CraftStylish Roundtable: Crafting in the Current Economy

comments (1) October 31st, 2008     

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MichaelaMurphy Michaela Murphy, contributor
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Does your creativity help you to craft through a crisis?

Does your creativity help you to craft through a crisis?

Photo: Michaela Murphy

My crafty sidekick, Jen Worick, and I have been getting together to knit, sew, and watch TV lately. As we stare at the tube watching the Dow plunge and political pundits pander, we have both noted that the crafting taking place in our hands has taken on a poignant urgency—or is it just neurosis? I'm kidding, but only a little. The current crisis in our country has us thinking about how we spend our time and money, literally. We feel especially lucky to be a part of a vibrant craft community and that got us wondering: How are you doing? What do you think?

Introducing the CraftStylish Roundtable. Each week we will pose a question to the CraftStylish commmunity, and then you can post your responses or questions below and tell us what's on your mind. This week's question is:

Do you see crafting as a way/means towards coping with current economic conditions?

Here's what a few of the CraftStylish bloggers had to say:

Mary Ray:

I think crafting goes beyond making cute things. Crafting—which can be equated with creativity—is about finding the best way to deal with everyday situations. To be called “crafty” can have both negative and positive connotations. I subscribe to the positive ones— “on the ball,” clever, wise, insightful. Crafty people have these attributes and are ready to face whatever—good times and bad. When you’re crafty, you possess the ability to see the alternatives, the possibilities, to use what you have available, and to make the most out of whatever that is. True crafters seem to succeed creatively, whether they’re making artful utilitarian items or things that are simply beautiful and meant to warm the heart. Most crafts are dependent on specific tools. All crafts are done with hands. Knowing that you can create something with your own hands develops confidence and that’s what can get us through any situation.

Shannon Dennis:

Ha-ha...well I think my answer is pretty fresh/raw to this question. Crafting is not only allowing me the traditional pleasures of self and creative expression but is allowing me to earn a living to supplement what my husband's lost job took away. It is allowing me to still give my friends gifts on their birthdays and my sisters a Christmas gift. Put food on the table and literally keep my sewing machine running!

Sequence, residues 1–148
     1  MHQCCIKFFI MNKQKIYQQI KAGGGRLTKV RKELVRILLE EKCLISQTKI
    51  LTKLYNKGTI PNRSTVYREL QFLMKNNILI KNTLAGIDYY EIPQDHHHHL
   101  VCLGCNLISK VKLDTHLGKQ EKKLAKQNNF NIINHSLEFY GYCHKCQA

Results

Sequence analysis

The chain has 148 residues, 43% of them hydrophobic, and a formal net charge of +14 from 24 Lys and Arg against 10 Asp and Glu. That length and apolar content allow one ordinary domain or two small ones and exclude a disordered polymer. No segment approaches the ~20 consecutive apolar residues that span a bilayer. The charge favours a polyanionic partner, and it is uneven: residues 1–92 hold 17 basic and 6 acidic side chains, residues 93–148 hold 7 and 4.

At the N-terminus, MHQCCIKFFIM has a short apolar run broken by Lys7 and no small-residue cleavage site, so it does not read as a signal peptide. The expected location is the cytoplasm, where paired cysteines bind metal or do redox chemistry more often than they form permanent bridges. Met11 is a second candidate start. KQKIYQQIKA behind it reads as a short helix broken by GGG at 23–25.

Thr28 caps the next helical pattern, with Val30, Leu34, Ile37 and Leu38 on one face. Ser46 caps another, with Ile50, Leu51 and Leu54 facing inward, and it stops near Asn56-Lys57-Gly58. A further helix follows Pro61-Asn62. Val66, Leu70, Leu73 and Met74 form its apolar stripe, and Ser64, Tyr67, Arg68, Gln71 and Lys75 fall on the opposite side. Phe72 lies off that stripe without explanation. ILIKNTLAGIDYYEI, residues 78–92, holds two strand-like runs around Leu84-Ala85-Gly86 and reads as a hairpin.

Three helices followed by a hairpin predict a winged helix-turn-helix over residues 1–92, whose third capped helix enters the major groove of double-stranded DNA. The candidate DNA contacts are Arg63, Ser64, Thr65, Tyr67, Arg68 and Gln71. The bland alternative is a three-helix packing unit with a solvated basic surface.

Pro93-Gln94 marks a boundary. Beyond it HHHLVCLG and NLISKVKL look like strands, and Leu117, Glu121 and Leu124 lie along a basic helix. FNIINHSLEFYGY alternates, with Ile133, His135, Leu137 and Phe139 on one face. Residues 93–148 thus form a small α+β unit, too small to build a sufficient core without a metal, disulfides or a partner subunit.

Jeffrey Rudell:

Setting aside for the moment that some of the commercial work I do requires and/or allows me to invest substantial sums of money in raw materials, most of my materials are humble—merely paper—and wherever possible, recycled or reclaimed paper, at that. This is one of the great joys of crafting for me. Nothing thrills me half as much as taking an inexpensive material and some simple tools, applying some time and creativity, and through that simple act, imbuing the results with value.

As seen through the lens of the current economic crisis, this might appear to be an exercise in frugality. As well, given the competitive nature of the marketplace, everyone, crafters included, need to be mindful of margin on the items they make. I can create a piece using cheap, machine-made paper or I can create the same piece using imported handmade paper from France. Regardless of the raw material I begin with, the the amount of money I can charge for the results is dictated by what the market will bear. Therefore, it makes sense to invest as little as possible in materials and charge as much as possible for the creativity I bring to the project.

In reality, all of these are secondary concerns to me. I craft not only for the economic rewards but for the emotional rewards. Beautiful, handmade objects attract me. Authoring them fills me with pride and delight. As such, crafting is both a great comfort (no matter what the economic climate is like) and a great source of "can do" spirit. In my real life, I employ a similar approach. I will frequently buy day-old bread from my local baker not only because it is half the price of fresh bread but also because day-old-bread is better suited for making a delicious egg strata. Economy as a means to enrichment.

Believe me, I have tried other ways. I have spent oodles of money on expensive craft materials (and more money, still, on gourmet food stuffs) but without creativity and discipline, the extra money spent is a waste Humble materials, faith in one's own abilities, patience, and focus are one of the most direct routes to a very rich and quite luxurious life.

We will continue to post the responses from our bloggers over the next few days and we look forward to hearing from you.





posted in: craftstylish roundtable

Comments (1)

The4Rs writes: I think crafting in crisis gives you a sense of control over an end product, when not much else seems to be controllable, the economy, politics, loss of job and self. I have retreated into my sewing room as a balm for the ragged spirit and mind, after having lost 2 jobs in 4 months. And I tell myself, I can create for me or for the marketplace, and no one can take my creation away. There is something calming and soothing about making something; I am sure the economy is creating more crafters every day, as we seek solace in the simple act of creation.
Posted: 10:48 pm on November 1st
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